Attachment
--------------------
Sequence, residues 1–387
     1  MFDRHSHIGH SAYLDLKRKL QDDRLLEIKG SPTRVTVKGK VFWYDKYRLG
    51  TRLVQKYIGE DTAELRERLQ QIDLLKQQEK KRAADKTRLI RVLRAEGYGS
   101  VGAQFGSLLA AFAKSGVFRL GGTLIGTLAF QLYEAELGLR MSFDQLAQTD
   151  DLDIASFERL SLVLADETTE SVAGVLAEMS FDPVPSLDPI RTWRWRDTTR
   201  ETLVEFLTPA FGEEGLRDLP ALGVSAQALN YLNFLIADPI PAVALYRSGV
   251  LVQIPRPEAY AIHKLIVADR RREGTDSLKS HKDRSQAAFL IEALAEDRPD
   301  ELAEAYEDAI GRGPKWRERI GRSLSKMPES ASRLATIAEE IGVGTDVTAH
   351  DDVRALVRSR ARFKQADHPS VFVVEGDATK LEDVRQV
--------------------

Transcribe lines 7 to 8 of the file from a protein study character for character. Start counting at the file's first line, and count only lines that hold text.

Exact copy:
   251  LVQIPRPEAY AIHKLIVADR RREGTDSLKS HKDRSQAAFL IEALAEDRPD
   301  ELAEAYEDAI GRGPKWRERI GRSLSKMPES ASRLATIAEE IGVGTDVTAH